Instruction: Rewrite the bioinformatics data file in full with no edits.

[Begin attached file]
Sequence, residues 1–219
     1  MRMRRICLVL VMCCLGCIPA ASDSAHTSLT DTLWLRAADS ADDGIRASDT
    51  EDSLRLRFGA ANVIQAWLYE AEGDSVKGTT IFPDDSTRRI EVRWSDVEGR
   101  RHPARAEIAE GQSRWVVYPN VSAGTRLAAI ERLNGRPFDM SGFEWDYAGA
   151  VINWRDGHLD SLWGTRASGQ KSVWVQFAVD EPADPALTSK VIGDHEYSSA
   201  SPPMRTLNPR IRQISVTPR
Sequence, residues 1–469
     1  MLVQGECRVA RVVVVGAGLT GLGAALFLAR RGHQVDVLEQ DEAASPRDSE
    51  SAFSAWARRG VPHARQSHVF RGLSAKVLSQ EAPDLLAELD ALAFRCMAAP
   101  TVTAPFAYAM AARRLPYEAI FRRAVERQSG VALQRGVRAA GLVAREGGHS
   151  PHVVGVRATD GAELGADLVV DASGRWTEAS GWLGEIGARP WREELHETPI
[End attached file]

Sequence, residues 1–219
     1  MRMRRICLVL VMCCLGCIPA ASDSAHTSLT DTLWLRAADS ADDGIRASDT
    51  EDSLRLRFGA ANVIQAWLYE AEGDSVKGTT IFPDDSTRRI EVRWSDVEGR
   101  RHPARAEIAE GQSRWVVYPN VSAGTRLAAI ERLNGRPFDM SGFEWDYAGA
   151  VINWRDGHLD SLWGTRASGQ KSVWVQFAVD EPADPALTSK VIGDHEYSSA
   201  SPPMRTLNPR IRQISVTPR
Sequence, residues 1–469
     1  MLVQGECRVA RVVVVGAGLT GLGAALFLAR RGHQVDVLEQ DEAASPRDSE
    51  SAFSAWARRG VPHARQSHVF RGLSAKVLSQ EAPDLLAELD ALAFRCMAAP
   101  TVTAPFAYAM AARRLPYEAI FRRAVERQSG VALQRGVRAA GLVAREGGHS
   151  PHVVGVRATD GAELGADLVV DASGRWTEAS GWLGEIGARP WREELHETPI